Never forget where you parked againMay 14, 2013: 6:28 AM ET
Startup Automatic wants to make your iPhone your car's cerebral cortex.
By Kurt Wagner, reporter
FORTUNE -- You will never forget where you parked your car again. Well, you may forget, but now your phone will keep you from aimlessly wandering the parking lot. Helping drivers remember where they parked is just one feature of Automatic, a new device users can plug into their car, enabling it to talk to their smartphone to extract all sorts of useful information. The San Francisco-based startup wants its $70-device to replace the much more costly dashboard infotainment units that are increasingly becoming the star of the show in new cars.
In an accident? Automatic alerts the authorities instantaneously. Wondering why your warning light has turned on? Automatic can tell you that, too, before a costly trip to the mechanic. By plugging the Automatic device under the steering wheel, users are treated to a wealth of information already stored by their car. "It bothered us that the most expensive computer that you own is your car and you don't have access to it," explains Thejo Kote, Automatic CEO and co-founder. "It's a black box." Kote, alongside co-founder Jerry Jariyasunant, have not only popped the lid to this box of information, they are pulling out data they say can save drivers money. The company is funded by backers including Andreessen Horowitz and Founders Fund.
Much of what Automatic offers is aimed at maximizing fuel efficiency, and Kote believes that simple changes in driving behavior can save users close to 30% of their annual automotive spending. A 2012 report by AAA found that car ownership costs anywhere from $7,000 (small car) to $11,600 (four-wheel-drive SUV) per year. With Automatic, your smartphone connects automatically to your car when you come within range, and drivers are alerted with an audible beep when their driving behavior is causing them to waste gas. Slam on the brakes, accelerate too quickly or drive over the speed limit, and your phone will give you a subtle reminder (beep) to change your driving behavior. Driving even 10 miles-per-hour over the speed limit on the highway can cause drivers to lose close to 15% in fuel efficiency, according to the California Energy Commission.
Of course, benefits only come to drivers who are willing to nickel-and dime their way to savings, but Kote isn't worried about that. "We think it could be the easiest $500-$1,000 people save in a year," says Kote. "People spend so much time optimizing small things like cutting coupons. [With your car] you don't get any feedback, and that's what we're trying to fix." Some Americans have already adopted these strategies -- along with other, more extreme methods -- in order to save money on gas. Known as hypermilers, these drivers often alter their car's appearance to cut down on wind resistance, turn off their engine when possible, and even coast behind larger vehicles to maximize pull (similar to cycling). Automatic is intended for the average driver, not the hypermiler, but the end goal remains the same: cut down on spending.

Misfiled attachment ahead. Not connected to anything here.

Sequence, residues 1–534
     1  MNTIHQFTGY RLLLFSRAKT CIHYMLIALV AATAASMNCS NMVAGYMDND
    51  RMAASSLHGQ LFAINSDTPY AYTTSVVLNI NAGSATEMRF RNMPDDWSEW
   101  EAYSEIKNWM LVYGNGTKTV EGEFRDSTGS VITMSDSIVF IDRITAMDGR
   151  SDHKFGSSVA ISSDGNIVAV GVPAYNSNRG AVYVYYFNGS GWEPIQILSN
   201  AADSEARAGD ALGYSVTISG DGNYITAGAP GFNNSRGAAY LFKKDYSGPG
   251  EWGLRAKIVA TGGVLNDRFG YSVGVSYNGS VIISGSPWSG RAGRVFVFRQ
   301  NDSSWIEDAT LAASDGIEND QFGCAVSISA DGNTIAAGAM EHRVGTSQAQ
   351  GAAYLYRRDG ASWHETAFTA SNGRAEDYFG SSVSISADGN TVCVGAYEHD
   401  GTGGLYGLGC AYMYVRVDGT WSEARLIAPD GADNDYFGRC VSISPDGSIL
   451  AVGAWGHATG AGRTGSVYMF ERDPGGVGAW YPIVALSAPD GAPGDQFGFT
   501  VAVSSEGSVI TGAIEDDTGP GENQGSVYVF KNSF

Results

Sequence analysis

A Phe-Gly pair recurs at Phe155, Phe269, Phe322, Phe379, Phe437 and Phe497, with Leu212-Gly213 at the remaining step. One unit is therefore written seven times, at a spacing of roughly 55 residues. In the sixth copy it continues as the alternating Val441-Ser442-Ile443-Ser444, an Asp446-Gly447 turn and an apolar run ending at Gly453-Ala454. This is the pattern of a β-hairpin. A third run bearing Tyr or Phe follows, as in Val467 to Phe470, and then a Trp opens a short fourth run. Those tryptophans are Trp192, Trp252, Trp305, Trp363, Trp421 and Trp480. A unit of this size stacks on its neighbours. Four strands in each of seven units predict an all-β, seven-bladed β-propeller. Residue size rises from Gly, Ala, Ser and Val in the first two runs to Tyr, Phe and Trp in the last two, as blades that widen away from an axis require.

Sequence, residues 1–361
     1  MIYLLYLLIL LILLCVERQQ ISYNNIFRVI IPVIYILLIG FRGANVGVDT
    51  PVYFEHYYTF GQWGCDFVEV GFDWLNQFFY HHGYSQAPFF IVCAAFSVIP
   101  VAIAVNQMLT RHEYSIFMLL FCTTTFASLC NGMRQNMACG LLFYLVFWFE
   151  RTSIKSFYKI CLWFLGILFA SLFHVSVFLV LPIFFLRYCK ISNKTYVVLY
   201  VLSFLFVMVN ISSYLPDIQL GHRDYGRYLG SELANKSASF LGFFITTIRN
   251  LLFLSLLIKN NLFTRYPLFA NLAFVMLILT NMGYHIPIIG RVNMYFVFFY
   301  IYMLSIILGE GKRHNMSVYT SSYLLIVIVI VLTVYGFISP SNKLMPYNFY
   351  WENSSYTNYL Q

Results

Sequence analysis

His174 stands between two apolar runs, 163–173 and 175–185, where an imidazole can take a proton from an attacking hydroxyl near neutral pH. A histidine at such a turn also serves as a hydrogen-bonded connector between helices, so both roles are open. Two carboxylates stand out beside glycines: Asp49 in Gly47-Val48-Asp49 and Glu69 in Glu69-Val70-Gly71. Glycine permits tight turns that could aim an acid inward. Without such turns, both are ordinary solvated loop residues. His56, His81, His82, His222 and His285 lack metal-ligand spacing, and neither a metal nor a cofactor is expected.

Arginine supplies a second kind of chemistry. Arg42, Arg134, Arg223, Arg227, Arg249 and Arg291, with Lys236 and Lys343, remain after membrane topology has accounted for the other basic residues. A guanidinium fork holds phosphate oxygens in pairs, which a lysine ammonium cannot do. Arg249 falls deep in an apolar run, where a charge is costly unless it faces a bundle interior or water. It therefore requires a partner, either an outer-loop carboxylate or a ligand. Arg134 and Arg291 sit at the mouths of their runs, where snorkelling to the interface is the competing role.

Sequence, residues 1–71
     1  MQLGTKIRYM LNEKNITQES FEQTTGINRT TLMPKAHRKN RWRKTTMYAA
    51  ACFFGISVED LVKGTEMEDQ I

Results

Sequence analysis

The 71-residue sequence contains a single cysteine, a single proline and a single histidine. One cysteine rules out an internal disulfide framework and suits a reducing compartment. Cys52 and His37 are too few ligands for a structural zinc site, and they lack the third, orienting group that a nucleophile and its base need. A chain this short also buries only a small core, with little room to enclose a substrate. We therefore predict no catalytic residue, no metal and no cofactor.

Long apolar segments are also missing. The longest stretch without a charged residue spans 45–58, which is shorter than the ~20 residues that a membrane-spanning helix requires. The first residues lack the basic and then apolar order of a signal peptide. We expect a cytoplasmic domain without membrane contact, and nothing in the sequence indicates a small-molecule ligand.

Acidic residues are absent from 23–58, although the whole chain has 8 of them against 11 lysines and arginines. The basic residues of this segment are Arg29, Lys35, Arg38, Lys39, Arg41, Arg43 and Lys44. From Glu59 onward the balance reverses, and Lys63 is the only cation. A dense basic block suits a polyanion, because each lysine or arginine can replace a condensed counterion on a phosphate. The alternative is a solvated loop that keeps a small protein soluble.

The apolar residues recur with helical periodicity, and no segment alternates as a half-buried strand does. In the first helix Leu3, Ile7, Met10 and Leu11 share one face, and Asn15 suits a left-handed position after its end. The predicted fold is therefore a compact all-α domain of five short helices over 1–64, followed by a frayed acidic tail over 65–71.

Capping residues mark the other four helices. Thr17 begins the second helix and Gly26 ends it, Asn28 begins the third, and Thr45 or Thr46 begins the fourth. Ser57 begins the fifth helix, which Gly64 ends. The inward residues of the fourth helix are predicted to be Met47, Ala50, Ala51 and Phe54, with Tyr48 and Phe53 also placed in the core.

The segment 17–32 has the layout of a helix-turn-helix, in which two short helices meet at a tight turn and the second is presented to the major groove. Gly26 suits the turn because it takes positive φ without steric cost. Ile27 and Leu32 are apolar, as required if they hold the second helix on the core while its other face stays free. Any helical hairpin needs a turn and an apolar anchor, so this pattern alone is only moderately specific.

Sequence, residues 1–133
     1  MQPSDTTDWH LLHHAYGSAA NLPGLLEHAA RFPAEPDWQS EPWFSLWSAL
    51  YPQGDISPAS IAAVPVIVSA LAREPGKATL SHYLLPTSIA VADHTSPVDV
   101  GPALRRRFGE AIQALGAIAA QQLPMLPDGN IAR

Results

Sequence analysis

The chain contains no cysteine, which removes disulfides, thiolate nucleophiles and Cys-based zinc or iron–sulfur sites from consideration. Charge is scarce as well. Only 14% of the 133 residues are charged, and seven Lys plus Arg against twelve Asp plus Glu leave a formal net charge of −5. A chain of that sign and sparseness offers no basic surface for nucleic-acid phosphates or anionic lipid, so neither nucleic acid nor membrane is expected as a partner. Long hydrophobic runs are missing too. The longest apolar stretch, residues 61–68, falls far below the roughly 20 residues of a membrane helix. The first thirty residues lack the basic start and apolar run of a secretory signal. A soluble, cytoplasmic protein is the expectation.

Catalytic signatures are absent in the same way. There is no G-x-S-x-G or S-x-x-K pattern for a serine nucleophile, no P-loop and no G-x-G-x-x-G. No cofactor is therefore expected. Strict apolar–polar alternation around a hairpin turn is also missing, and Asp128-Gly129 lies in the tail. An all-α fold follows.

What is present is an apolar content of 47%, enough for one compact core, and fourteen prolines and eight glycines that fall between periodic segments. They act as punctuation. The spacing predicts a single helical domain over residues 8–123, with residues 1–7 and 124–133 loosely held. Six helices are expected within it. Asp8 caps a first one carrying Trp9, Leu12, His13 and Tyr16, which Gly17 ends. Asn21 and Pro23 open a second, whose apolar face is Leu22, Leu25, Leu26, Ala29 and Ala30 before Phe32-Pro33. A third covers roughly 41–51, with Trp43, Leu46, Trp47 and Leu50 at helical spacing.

For Kote, who was born in Mysore, India, a three-hour drive southwest of Bangalore, the high cost of car ownership in the United States was alarming. His first job out of college with Indian IT giant Infosys (INFY) paid only $4,000 a year. As early as high school, Kote, 30, dreamed of founding a technology startup in Silicon Valley. He read every essay written by Paul Graham (founder of the successful startup incubator Y Combinator) that he could get his hands on. "If you're serious about doing a technology startup that has any kind of impact on the world, you have to come to Silicon Valley," says Kote, who enrolled in Y Combinator himself in summer of 2011. "Here is where it all happens." After Automatic's co-founders met in graduate school at the University of California, Berkeley, Kote got his wish: He is a tech entrepreneur in every sense of the word, complete with little pay, a small cramped office in downtown San Francisco, and an exciting product.
Cars with built-in screens and connected dashboards, called infotainment units, may very well accommodate many, if not all, of the features Automatic brings to the table. By 2020 close to 80% of new vehicles are expected to have built-in infotainment units, up from just 40% today, predicts Gartner analyst Thilo Koslowski. To Automatic, those numbers simply mean that the majority of cars manufactured today are still potential customers. "We think this is a good middle ground," says Kote. "You get a lot of the benefits of connectivity just by buying Automatic." It is yet to be determined whether or not Kote's theory will hold true. Automatic is slated to ship its first set of orders in May (figures were not disclosed), with a second batch of orders expected in July. Foreseeing competition from the world's largest automakers hasn't dampened the small company's expectations. "It blows my mind," says Kote, "that half a dozen people can sit in a room and have an impact on millions of people."